September 26, 2023 | Rome, Italy

Me Tarzan

By |2018-03-21T18:45:17+01:00July 9th, 2011|Area 51|
Gazzetta: Sexual and soccer priorities in their "right"places.

n a leaden July day when even “bro-dude”-rich ESPN dedicated prime website real estate to the women’s World Cup and Germany’s conquests, Italy’s Gazzetta dello Sport didn’t even mention that women were playing soccer, let alone at the World Cup level.

Instead, the only women in sight (and abundantly visible) were beachfront babes in skimpy suits flanked by celebrated male soccer players.

Italy is fascinating in that way. So is its sports journalism.

When Italy’s women fare well individually, or when their volleyball or water polo teams excel (which is often), Gazzetta broadcasts proud if vaguely condescending tones. These are Italy’s women, it says. They are ours and not yours. Be very jealous.

Even tennis veteran Francesca Schiavone’s unlikely French Open title run in 2010 and 2011 near-double was followed with enthusiasm. Since Schiavone is the tomboy antithesis of Loren-Bellucci standard beauty, papers took a different tack: Here was Italian true grit, and from a girl, no less. Take that, world!

Only team soccer, specifically women’s team soccer, unsettles Italian men in a “don’t go there” way. When the United States won the women’s World Cup in 1999, delighting the U.S. (90,000 watched the final) and making a media splash, Italy focused only on the (white) players who looked like swimsuit models. The sexual asides weren’t even veiled. Sex was the buffer that avoided lumping women’s soccer with the male kind, the real kind, whose potent fan base, blue collar and intellectual, controls the kinships structure of Latin life and perceives change as potentially castrating.

Soccer the supplemental source of testosterone the Italian male world uses for metaphor and fossil fuel. Collapsing soccer’s gender apartheid would be tantamount to open-ended acceptance of homosexuality: It’s embarrassing and vaguely unsavory.

Imagining women play soccer means positioning them in a system of male camaraderie and vulgarity that breaks with a fundamental vive la difference ingredient of Italian culture. Soccer players sweat, spit, toil, make millions, and then go to nightclubs to pick up and mate with starlets, who occasionally become wives. Women fans, even extreme ones, are tolerated, but only as genderless mascots within a male tribe. Stadium soccer is not a family affair.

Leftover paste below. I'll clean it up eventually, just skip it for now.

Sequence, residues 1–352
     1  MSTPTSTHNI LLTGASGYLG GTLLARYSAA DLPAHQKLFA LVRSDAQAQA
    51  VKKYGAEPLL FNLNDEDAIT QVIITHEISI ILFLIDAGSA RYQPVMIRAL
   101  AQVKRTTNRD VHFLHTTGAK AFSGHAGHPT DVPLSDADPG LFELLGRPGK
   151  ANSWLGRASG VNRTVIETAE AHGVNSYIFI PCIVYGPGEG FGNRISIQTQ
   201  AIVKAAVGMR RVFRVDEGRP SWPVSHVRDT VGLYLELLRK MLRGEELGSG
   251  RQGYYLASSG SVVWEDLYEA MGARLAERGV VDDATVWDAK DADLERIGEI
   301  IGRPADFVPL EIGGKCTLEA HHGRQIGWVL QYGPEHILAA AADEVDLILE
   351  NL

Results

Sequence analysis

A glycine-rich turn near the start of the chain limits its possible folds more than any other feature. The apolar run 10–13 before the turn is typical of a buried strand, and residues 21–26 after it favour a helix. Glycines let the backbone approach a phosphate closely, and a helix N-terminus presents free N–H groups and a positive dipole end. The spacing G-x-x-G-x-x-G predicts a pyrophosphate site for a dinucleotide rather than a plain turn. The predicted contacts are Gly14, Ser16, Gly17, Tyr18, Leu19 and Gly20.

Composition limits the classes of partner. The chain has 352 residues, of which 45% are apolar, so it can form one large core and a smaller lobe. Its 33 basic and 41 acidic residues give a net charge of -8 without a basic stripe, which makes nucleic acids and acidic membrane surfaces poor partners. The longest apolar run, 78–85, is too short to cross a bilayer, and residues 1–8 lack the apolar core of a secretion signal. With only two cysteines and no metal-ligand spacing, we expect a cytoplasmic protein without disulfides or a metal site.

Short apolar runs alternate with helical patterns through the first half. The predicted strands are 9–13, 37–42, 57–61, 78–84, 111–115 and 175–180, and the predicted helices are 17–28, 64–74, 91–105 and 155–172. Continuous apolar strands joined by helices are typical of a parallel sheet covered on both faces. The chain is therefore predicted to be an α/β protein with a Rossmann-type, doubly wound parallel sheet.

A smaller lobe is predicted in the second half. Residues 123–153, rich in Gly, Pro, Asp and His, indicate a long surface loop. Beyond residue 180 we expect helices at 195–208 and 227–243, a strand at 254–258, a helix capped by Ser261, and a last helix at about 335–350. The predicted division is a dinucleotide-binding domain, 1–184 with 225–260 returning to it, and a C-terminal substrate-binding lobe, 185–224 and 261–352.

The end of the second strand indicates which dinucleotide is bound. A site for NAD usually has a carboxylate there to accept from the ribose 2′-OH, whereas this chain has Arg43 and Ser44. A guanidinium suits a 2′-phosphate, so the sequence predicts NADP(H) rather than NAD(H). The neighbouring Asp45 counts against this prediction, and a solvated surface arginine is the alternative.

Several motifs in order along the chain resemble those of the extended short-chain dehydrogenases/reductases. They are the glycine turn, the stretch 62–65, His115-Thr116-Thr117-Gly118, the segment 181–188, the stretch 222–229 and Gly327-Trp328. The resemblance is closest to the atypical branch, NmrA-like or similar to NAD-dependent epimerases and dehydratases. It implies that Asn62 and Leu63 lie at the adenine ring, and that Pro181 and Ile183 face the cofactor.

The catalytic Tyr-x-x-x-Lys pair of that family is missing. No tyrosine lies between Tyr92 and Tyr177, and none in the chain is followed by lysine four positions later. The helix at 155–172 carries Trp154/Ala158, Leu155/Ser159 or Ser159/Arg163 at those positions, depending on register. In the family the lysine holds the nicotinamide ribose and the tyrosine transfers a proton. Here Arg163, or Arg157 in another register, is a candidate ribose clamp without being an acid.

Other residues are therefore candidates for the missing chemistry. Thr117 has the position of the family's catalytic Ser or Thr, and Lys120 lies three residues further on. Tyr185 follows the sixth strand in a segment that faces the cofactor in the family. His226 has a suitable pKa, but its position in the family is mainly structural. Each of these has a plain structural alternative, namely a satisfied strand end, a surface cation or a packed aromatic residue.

Why then do successful Italian women’s teams in volleyball receive greater largesse? In part because volleyball is a secondary sport, whose popularity is largely northern, and whose female contingent poses no threat to soccer’s alpha tyranny.

Italy’s women’s national soccer team is modest, under-funded, and rarely mentioned. Unlike France, Germany, England and the United States, which have largely left gender out of promoting women’s soccer, Italy gladly brings up the rear, a sexual pun it would no doubt revel in.

Italian men, brought up by controlling women, are unwilling share the power, tactics, cunning, and corruption they associate with championship-level soccer. To do so shake up a culture that puts motherhood first and slides the rest into a sexual ditch.

If Italian women competed globally in a sport of male propriety, and did so successfully, arguments against their equal presence in other alpha pursuits, including politics, corporate leadership, economic management, would grow more tenuous. Soccer is the Italian male world’s last bastion, a prized bunker.

What non-Italian see as culturally sexist, insiders defend as a “natural” gender hierarchy that protects a stylishly separate-but-equal view of women in which a Madonna would no more play attempt to play championship soccer than a man would learn to shop and iron.

There’s no apologetic waffling, no rationalization. When it comes to soccer, Italian men embrace a Christian variation of the Islamic view of a woman’s place outside the alpha universe.

The outlook spills into sexuality and the meaning of transgression. The sexual antics of politicians fail to gain serious traction unless they’re tied to established perversions (read gay). Fallback positions on family still suggest that boys will be boys until they’re men, after which they marry and produce children who are schooled and trained by no-nonsense women, who at that critical juncture become the real and dominant alphas of the Italian snapshot, rearing boys who later become men.

The same men who refuse at all costs to relinquish their possession of soccer.

About the Author:

Christopher P. Winner is a veteran American journalist and essayist who was born in Paris in 1953 and has lived in Europe for more than 30 years.